The pronunciation of # as "pound" is common in the US which can cause confusion. The British Commonwealth has its own, rather more apposite, use of "pound sign". On British keyboards the UK pound currency symbol often replaces #, with # being elsewhere on the keyboard. The US usage derives from an old-fashioned commercial practice of using a # suffix to tag pound weights on bills of lading. The character is usually called "hash" outside the US.

In other languages

  • Bulgarian: диез, pronounced dies
  • Chinese: "井號" (jǐng ho; literally: "well" sign) as it resembles the hanzi for water well (井; jǐng)
  • Danish: firkant (square), the official name used by telcos for touch-tone key, or havelge (garden gate from the gate in a picket fence)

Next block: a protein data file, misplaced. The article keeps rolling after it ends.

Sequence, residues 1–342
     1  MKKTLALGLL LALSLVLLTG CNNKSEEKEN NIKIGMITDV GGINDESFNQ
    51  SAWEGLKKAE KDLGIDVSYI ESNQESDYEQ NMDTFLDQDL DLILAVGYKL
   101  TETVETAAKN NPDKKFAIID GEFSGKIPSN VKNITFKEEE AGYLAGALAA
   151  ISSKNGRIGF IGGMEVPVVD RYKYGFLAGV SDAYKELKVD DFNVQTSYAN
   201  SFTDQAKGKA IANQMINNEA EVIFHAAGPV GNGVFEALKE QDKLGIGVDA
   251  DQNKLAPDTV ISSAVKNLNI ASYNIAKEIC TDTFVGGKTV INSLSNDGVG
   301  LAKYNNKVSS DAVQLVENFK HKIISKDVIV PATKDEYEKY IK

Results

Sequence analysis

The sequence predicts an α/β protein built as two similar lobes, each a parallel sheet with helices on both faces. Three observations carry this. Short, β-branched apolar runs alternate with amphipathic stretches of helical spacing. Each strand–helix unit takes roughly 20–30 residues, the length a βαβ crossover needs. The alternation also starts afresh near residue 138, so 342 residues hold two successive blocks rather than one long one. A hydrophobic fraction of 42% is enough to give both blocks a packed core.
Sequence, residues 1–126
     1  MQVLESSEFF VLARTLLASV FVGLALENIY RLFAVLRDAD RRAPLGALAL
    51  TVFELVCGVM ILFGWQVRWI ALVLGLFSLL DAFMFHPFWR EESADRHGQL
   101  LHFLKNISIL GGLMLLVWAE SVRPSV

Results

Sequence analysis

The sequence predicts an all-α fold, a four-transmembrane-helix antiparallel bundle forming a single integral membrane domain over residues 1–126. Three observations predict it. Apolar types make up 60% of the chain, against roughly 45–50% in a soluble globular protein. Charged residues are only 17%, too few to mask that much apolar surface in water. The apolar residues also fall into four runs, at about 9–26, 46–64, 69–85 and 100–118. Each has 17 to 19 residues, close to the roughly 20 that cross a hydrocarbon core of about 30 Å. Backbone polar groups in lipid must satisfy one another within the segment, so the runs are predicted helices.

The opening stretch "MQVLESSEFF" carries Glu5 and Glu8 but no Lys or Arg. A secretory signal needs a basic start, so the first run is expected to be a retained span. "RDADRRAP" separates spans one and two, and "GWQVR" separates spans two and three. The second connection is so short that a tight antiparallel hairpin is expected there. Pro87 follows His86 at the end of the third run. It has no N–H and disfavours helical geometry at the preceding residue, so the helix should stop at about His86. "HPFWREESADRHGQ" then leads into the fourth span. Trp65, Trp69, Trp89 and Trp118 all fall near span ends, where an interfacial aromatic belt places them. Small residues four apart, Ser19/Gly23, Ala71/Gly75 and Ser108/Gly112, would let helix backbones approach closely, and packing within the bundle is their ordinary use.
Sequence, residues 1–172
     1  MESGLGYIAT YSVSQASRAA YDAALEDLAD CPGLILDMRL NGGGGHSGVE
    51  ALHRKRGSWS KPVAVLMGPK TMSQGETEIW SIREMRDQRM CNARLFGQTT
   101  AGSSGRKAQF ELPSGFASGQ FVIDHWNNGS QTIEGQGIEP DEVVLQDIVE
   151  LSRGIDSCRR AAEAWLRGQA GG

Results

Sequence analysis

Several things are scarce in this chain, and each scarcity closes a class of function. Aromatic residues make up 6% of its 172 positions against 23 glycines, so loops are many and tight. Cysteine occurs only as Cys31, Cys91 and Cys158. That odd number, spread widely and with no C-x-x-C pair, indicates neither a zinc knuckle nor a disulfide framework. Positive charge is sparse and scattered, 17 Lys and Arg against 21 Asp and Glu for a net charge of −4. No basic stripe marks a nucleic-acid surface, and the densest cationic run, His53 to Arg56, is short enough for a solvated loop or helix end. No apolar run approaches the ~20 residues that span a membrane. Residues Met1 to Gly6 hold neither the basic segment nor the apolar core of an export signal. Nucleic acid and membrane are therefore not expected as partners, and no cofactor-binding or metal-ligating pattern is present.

• Dutch: hekje (picket fence)
  • Estonian: trellid (grate)
  • Finnish: ruutu (square) or risuaita (brushwood fence)
  • French: dise (sharp sign)
  • German: Raute or Rautenzeichen (Rhombus, the official name used by telcos for the touch-tone key), Lattenzaun (picket fence), Doppelkreuz (double cross)
  • Greek: δίεση (diesis)
  • Hebrew: sulamit (from sulam == "ladder" + -it, feminine ending)
  • Italian: cancelletto (small gate)
  • Japanese: "番号記号" (bangōkigō, "number sign"); "井桁" (igeta, literally the rim of a well, which is traditionally this shape) or "シャープ" (sharp in katakana)
  • Norwegian: firkant (square)
  • Portuguese: cardinal, used in mathematics notation to represent the cardinality of a set
  • Romanian: diez ("sharp sign")
  • Russian: решётка (reshtka), pronounced ree-SHOT-ka (grid)
  • Spanish: almohadilla ("little pillow")
  • Swedish: fyrkant (square) or brdgrd (timberyard)
  • Turkish: Sayı işareti

See also

References (as numbered above)

  1. Weird Words
  2. World Heritage Dictionary

ja:番号記号 ru:Октоторп zh:井號